Patterns for prototypes are made from a variety of items including Ren board and epoxy-coated hardboard. The actual tooling is produced from aluminum and built by an outside source.

Once the material is formed, it is sent to one of the company's two Thermwood Cartesian CNC routers for trimming and/or hole drilling. PFI purchased its first CNC router with a moving gantry seven years ago. The newer model, a Cartesian 75, features a moving table and trimming capabilities of 60 inches by 120 inches. Carbide bits from Onsrud Cutter are used in the routers.

"CNC machines have made the industry a lot better (with regards to speed and accuracy of trimming)," Frantz says. He adds that the company may purchase another CNC router in the near future.

Due to the varied nature of the business, employees are cross-trained on all the machinery. In addition to the CNC routers, PFI utilizes Republic Lagun milling machines for high tolerance and intricate machining. A Herman Schwabe punch press as well as a Bridgewood pin router are also used for trimming on some of the smaller jobs.

Straight cutting of parts and panels is performed on one of four types of saws. A Bridgewood table saw, a Powermatic saw, plus two older model BM Root bandsaws with 36-inch depth of cut are used in the shop. Because the majority of sheet comes to the shop already cut to size, a larger panel saw is not currently needed, Frantz adds.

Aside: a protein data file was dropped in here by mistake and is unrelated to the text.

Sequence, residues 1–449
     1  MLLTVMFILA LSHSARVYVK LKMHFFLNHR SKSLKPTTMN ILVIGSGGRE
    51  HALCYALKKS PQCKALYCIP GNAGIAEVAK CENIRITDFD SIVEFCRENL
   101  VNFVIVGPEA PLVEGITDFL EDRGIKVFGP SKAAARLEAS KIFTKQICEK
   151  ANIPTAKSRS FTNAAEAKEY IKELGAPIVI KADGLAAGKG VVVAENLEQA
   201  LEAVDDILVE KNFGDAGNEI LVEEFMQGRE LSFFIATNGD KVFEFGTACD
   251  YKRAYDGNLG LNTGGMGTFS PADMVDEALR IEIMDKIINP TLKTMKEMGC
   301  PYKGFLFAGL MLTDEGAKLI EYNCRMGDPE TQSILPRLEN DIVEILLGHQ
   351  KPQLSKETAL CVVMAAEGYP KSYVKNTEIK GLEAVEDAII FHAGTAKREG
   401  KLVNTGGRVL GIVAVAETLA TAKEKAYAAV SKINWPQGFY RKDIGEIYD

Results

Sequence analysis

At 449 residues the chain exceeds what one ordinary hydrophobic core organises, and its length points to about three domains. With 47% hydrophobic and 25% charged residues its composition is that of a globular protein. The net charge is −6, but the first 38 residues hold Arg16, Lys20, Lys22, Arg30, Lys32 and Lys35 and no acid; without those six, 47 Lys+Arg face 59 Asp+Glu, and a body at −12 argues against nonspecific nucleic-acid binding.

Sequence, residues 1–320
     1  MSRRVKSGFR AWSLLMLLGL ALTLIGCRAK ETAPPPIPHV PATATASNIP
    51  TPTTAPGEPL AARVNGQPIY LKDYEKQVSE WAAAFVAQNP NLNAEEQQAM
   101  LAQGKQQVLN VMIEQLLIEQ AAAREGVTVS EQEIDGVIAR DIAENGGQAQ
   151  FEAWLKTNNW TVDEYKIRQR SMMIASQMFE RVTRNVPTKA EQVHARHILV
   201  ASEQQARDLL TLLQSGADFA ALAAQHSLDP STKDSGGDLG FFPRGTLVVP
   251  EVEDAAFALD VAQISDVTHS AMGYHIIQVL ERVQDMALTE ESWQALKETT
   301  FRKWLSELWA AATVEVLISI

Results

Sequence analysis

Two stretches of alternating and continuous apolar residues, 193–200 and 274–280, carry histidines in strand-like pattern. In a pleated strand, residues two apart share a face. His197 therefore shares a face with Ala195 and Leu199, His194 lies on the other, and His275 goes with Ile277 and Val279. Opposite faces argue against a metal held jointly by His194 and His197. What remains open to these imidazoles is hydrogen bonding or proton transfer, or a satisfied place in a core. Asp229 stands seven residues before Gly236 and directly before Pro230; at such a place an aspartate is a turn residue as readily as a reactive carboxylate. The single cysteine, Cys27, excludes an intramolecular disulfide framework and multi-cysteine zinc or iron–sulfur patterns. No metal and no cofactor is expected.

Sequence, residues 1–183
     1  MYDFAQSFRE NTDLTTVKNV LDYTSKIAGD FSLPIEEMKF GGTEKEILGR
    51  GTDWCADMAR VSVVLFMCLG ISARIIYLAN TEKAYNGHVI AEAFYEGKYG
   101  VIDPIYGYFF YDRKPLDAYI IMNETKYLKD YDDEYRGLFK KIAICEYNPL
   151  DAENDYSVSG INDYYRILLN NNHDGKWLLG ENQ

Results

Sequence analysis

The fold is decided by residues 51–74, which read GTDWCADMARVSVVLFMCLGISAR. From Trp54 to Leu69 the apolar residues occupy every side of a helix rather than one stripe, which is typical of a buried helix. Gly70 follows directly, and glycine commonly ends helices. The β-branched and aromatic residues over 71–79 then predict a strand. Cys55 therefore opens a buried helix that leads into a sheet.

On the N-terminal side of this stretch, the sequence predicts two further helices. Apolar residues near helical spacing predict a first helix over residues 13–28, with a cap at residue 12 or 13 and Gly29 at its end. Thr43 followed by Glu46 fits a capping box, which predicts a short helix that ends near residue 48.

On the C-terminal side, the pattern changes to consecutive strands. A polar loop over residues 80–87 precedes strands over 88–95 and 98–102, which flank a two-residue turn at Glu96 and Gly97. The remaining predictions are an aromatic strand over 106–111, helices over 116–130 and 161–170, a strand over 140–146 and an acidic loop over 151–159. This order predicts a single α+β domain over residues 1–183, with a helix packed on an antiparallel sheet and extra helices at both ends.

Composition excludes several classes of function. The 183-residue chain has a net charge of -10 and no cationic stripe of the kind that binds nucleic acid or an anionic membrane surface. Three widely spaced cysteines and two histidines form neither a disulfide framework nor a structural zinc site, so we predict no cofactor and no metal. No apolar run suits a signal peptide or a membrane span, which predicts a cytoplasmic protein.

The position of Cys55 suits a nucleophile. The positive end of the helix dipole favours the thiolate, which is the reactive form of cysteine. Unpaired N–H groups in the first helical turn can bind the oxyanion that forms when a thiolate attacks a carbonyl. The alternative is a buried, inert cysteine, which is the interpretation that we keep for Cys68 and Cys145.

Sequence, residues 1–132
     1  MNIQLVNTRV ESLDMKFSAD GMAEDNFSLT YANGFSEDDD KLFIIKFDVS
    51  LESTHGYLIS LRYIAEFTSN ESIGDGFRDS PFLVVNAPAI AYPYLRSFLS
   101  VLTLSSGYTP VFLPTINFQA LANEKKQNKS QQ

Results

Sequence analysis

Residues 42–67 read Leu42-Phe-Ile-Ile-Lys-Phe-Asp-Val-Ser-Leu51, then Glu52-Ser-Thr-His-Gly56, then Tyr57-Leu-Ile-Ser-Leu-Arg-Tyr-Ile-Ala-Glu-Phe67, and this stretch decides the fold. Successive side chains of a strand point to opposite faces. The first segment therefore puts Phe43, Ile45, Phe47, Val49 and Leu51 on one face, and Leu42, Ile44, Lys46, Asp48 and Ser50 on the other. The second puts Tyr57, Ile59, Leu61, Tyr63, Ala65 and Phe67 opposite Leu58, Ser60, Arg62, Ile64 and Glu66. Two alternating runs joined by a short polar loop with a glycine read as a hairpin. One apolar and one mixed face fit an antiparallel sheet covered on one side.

Welding also plays an important part in many of PFI's products, particularly the polyethylene and polypropylene tanks it manufactures. The company uses two Drader injection welders, and four Leister hot air welders for the joining and sealing of parts.

"An interesting application of forming, fabrication and welding is a part we produce for a bakery equipment manufacturer. We form a sheet of 38-inch thick polyethylene into a chute, trim open the end, machine 34-inch flanges, then weld all three components together to make a hopper for feeding dough into a machine." Frantz says.

Assembly and decorating of plastic parts, including silk screening and painting, is outsourced.

"Everyone here is an experienced craftsman. We want to focus on what we're good at, which is plastic fabrication," Frantz says.

"Our name says it all."

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Plastics Machining & Fabricating